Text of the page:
Western United star Lachie Wales joined The Green Room on FNR Football Nation Radio on Wednesday night ahead of a huge week for the Green and Black.
Wales is preparing to travel to New South Wales with his teammates as the side takes on his former side in Central Coast Mariners on Saturday before a trip to Newcastle Jets on Wednesday.
The 24-year-old has three goals and five assists to his name this season in his joint-most productive season to date.
Wales spoke on The Green Room about his form this term, ambitions of winning silverware in Green and Black, his homecoming in Gosford and more.
On whether he feels he has made a significant step in this season
“This is the campaign where I’ve played the most games. Under John and the coaching staff, my role has been really simple. When you have good coaching and good players around you, it’s easy to do your role each week. Sometimes as an attacker its hard, you think you’re playing well and maybe statistics don’t show that. It’s been an awesome year, and with the team doing so well it does get you noticed.”
On playing more often as a No.10 this season
“It’s been good playing a bit more centrally. With the injury to Dia (Alessandro Diamanti) we’ve kind of shared the load in there. It’s not completely new to me but it’s been really enjoyable, it’s a similar role for me in there anyway in terms of the pressing and making forward runs from that position.”
On reading into the statistics and breaking his drought in Tasmania against Perth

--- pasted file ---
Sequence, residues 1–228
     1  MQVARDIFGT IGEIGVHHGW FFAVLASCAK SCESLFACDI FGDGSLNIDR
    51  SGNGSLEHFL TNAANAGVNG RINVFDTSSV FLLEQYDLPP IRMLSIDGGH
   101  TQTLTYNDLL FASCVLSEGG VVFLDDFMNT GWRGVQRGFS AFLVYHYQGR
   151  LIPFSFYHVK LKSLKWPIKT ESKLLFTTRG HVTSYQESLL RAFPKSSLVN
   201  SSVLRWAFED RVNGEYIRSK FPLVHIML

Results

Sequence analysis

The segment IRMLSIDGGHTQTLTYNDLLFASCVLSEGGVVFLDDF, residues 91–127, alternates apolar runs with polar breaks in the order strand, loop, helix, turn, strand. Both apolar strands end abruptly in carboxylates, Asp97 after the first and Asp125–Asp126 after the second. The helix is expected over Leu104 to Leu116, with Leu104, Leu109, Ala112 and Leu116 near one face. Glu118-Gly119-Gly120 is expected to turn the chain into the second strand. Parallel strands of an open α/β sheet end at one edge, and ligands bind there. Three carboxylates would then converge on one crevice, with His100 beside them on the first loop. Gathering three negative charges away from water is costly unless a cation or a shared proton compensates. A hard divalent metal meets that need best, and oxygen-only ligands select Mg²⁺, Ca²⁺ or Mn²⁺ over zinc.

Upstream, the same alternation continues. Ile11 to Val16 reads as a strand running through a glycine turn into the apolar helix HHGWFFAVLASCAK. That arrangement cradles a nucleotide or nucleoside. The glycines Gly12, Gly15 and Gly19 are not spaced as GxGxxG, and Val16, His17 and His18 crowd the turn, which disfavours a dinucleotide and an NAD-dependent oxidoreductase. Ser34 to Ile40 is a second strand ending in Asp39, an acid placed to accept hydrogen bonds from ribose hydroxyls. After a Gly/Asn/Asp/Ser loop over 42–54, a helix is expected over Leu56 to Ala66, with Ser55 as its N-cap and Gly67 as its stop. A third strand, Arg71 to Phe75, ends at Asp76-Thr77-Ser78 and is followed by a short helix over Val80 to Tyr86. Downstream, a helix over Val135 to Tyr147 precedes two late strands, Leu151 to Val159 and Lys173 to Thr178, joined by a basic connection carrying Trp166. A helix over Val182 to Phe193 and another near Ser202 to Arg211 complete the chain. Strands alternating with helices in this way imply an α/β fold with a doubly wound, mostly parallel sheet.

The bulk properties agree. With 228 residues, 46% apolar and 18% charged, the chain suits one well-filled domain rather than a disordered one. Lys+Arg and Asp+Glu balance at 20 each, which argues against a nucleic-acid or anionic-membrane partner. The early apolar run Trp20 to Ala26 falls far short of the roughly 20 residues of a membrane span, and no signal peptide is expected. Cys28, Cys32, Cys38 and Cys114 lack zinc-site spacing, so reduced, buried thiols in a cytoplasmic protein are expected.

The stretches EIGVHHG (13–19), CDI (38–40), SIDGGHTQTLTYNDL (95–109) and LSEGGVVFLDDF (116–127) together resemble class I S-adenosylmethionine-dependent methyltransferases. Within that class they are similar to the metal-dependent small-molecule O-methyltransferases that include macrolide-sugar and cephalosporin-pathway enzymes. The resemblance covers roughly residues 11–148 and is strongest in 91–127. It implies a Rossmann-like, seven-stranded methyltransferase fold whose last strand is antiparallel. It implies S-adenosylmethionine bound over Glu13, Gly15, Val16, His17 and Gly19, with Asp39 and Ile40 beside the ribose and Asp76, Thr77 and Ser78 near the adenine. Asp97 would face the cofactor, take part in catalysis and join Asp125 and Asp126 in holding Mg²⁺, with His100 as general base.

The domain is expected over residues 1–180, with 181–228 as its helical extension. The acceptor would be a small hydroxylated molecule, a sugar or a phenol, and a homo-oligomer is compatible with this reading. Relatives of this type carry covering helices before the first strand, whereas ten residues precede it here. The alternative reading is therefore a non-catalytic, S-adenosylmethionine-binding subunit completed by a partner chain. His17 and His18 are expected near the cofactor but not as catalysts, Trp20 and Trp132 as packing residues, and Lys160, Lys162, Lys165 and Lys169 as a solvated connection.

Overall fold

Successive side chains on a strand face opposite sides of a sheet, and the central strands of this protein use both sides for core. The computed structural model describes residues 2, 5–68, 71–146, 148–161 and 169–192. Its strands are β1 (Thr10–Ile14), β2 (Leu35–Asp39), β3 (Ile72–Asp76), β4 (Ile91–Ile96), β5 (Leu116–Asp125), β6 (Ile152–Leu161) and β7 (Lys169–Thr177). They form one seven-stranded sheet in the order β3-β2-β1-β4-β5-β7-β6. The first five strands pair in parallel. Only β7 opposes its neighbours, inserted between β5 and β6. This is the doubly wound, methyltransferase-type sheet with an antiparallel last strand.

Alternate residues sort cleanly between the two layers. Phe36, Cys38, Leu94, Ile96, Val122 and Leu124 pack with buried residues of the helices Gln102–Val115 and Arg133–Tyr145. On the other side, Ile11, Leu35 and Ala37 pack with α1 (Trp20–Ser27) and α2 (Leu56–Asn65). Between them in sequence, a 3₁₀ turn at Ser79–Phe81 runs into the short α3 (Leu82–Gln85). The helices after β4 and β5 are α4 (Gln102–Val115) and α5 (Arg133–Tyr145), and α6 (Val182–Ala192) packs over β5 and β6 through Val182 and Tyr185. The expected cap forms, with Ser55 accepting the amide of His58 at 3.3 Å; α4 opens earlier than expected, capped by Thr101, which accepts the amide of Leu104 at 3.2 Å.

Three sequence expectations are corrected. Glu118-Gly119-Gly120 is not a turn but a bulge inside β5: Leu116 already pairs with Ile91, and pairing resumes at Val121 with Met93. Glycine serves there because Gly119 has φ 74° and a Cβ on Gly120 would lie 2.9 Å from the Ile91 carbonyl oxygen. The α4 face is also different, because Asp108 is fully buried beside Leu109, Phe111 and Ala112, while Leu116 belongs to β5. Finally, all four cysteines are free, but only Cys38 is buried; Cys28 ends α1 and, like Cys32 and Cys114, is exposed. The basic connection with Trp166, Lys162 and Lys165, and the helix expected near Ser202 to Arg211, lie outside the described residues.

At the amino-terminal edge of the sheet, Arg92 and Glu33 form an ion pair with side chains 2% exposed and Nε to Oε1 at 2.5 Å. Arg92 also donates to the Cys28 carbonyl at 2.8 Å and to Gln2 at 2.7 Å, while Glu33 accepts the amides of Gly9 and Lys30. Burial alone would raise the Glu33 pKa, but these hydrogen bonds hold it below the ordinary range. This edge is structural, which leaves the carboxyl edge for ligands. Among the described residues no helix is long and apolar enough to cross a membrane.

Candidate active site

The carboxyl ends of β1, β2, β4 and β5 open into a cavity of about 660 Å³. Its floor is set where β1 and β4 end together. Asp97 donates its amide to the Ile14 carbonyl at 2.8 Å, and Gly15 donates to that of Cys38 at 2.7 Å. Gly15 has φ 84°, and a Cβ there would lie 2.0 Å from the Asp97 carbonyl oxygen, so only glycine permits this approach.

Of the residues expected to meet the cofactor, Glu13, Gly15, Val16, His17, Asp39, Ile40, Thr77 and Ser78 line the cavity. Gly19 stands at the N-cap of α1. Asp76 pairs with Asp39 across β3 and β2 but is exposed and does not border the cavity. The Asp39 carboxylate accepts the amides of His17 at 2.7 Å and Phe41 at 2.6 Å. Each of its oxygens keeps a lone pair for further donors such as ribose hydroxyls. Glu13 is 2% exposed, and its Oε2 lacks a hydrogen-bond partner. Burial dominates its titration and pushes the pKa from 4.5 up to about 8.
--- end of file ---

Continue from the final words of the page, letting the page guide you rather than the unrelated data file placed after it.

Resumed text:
“It’s a funny one – statistics in football, commentators and people are a lot into statistics. Last year I scored more goals but I’ve been playing a lot better this year and hadn’t scored. The first one I knew nothing about which is probably just what I needed, that little bit of luck and the relief kind of goes out of your body. For me, the individual goals or things like that don’t really matter. We have such a good opportunity as a team to win something. At the moment we’re trying to win the Premiers Plate and it would be awesome if we could do that as a team.”
On receiving the trust of John Aloisi and his coaching staff
“For young Australian players, it’s just getting that consistent run of games. To start 22 games or 23 games in a row and to have the trust of the coach to not be sitting next to him next week if you have a bad game, I think that’s been the best thing for me. Your body almost adapts to the games, you find yourself in those situations a bit more where you’re one-on-one with the keeper, or your final product (is improving). When you’re in that winning environment, it’s a lot easier as a young player to bring your energetic game which is what I have.”
On returning to his home in Gosford
“It’s an awesome place. To grow up in Gosford, in Terrigal – I was there till I was 19, went to school there and made so many friends. All my family still live down there. My upbringing as a kid was awesome, living on the beach and playing all different sports. They (family) get to watch one game a year now and I’m sure they’ll be all out there, you’ll definitely know about it they’ll be making some noise! Without the Mariners I don’t think I would’ve ever got a chance in the A-League and I’m really grateful for that.”
On staying focused on the next match amidst the fight for the Premiers Plate
“We’ve avoided talking about, if we win three, or if this happens if this happens, because the A-League has been so funny this season that if you don’t treat every game and prepare for every game well, you’re not going to be able to win. The boys have been relaxed, we do definitely realise the Mariners can hurt us, especially up top with Cummings and Urena.”